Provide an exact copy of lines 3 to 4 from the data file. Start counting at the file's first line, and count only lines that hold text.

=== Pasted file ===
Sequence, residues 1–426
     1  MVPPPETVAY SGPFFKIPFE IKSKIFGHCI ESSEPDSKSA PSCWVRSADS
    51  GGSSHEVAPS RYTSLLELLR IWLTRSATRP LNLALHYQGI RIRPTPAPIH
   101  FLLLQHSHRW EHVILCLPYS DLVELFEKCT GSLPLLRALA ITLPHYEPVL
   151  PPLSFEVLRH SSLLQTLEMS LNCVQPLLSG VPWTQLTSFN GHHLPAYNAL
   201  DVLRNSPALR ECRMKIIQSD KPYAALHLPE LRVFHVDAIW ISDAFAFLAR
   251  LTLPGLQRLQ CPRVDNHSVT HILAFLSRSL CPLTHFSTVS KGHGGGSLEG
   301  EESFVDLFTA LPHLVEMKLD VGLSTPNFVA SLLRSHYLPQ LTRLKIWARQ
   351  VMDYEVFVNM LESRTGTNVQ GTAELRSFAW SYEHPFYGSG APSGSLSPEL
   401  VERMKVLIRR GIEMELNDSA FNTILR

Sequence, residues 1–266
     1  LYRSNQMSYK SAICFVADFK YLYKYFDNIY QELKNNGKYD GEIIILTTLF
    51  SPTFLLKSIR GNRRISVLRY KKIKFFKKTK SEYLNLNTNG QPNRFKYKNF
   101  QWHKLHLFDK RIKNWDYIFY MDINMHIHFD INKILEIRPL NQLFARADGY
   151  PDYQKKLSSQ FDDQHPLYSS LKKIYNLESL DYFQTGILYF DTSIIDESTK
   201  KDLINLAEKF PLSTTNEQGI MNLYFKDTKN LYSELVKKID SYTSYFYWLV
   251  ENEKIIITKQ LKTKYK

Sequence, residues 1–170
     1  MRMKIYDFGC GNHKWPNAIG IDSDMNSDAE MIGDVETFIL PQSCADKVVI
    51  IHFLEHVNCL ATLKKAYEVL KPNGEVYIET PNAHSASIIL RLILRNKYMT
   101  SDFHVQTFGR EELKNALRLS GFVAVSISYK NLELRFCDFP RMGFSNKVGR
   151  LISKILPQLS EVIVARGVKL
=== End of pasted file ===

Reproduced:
    51  GGSSHEVAPS RYTSLLELLR IWLTRSATRP LNLALHYQGI RIRPTPAPIH
   101  FLLLQHSHRW EHVILCLPYS DLVELFEKCT GSLPLLRALA ITLPHYEPVL